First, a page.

Book Review

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The Chaplin Conspiracy, by Stewart Ferris

This is the third book in the Ballashiels Mysteries series; the previous one, The Dalí Diaries, was reviewed here; and to clarify the confusion expressed in the earlier review, the first book in this series was The Sphinx Scrolls. The latest story continues seamlessly, without a moment’s pause, from its predecessor, so there has to be a minimal amount of biographical information about the characters given for the benefit of readers who have come to this entrant in the series unprepared. The presentation of this book is very similar to that of the earlier one, apart from the page numbers looking more elegant, but that is as far as I will go here; other than to commend the change of printing to a British firm. The core characters are the same, apart from one somewhat bizarre, and rather random [using the modern definition] addition: Rat Scabies, the erstwhile drummer in The Damned, who is in this book as the greatest expert in Britain on the subject of a late nineteenth century French priest, by the name of Bérenger Saunière, who was reputed to have died a millionaire in 1917, without revealing the location of his fabulous wealth—hence the adventurers’ fanatical interest.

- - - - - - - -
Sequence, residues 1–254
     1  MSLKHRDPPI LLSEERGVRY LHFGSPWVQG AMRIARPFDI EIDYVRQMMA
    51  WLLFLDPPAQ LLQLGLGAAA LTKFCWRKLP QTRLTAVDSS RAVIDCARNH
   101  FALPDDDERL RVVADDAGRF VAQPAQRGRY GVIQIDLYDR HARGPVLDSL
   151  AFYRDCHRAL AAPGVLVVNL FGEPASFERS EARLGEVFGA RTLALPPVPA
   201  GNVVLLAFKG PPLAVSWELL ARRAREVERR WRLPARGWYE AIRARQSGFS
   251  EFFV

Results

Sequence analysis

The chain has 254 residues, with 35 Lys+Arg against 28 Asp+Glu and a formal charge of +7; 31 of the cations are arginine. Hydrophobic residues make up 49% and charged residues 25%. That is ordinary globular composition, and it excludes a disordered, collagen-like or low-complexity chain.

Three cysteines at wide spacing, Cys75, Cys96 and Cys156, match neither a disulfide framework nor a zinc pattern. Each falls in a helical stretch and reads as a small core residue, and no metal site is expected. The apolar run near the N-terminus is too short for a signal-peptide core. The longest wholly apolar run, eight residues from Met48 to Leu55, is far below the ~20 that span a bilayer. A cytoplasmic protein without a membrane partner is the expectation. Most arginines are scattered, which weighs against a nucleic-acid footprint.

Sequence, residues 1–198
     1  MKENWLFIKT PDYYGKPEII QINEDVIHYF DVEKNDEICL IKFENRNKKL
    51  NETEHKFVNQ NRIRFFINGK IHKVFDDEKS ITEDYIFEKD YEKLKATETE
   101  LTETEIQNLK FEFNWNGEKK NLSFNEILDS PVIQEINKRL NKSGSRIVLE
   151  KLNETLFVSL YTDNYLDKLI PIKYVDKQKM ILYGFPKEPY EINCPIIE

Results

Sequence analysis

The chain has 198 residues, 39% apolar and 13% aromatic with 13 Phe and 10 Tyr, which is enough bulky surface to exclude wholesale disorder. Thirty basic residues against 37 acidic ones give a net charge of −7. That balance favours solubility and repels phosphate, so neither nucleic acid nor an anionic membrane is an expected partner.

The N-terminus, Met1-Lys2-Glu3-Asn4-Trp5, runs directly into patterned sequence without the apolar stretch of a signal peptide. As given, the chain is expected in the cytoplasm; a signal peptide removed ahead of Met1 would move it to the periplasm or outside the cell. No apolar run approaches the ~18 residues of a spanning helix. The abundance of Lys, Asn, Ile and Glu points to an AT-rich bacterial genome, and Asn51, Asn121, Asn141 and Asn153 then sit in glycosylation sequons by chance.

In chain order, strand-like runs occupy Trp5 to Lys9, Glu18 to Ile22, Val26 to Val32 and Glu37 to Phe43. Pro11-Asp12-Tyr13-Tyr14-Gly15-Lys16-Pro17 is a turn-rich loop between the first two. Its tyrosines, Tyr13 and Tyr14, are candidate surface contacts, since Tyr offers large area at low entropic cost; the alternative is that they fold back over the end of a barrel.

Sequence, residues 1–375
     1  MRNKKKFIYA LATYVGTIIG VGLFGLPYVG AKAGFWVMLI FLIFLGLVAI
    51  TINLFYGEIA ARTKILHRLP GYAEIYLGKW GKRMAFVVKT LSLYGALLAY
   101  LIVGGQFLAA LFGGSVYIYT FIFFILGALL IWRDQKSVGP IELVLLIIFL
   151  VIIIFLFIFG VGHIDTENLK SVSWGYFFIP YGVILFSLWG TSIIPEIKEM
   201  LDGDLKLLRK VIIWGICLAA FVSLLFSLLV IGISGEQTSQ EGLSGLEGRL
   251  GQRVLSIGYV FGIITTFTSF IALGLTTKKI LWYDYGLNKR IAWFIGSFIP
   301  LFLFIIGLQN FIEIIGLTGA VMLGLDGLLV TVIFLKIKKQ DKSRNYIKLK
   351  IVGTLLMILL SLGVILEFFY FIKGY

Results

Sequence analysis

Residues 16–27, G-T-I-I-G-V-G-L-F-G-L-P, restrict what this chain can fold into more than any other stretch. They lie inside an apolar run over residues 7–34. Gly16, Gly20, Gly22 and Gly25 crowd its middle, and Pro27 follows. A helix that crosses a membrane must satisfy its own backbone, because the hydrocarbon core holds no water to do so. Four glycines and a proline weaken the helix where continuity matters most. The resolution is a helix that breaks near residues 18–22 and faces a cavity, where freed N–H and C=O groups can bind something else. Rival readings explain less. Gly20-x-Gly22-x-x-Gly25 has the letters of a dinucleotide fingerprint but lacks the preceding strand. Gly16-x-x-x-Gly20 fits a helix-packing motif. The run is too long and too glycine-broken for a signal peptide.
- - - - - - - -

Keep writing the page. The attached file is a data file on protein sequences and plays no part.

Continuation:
One has to assume that the author must have more than merely a fan’s devotion to inspire him to use this plot device; perhaps, given that he is a relatively young man, he might know the musician personally through some circumstance, other than being a devotee of the music; unfortunately the explanation for this is non-existent: there is only a very brief expression of gratitude on the front flyleaf “for agreeing to take part in this book”, with his website URL. I know very little about the musician, despite being aware of some of the group’s output in its heyday, so whether this is a plausible career/lifestyle choice for him is impossible to know: musicians do progress to other, perhaps more rewarding activities, subsequent to their fleeting appearance in the limelight, but this one is undoubtedly esoteric! This knowledge is called upon, because the priest is fleetingly seen to have appeared in a short, amateur film found by Lord ‘Ratty’ Ballashiels in an attic room, featuring the eponymous Chaplin, but in a year when the priest was reputed to have been dead for some time: naturally, this intrigues the treasure-seekers, seeing this as some sort of clue, so they set off to France and, of course, this is where their troubles start. These troubles include two new characters: American treasure-hunters, and one of them is coldly murderous.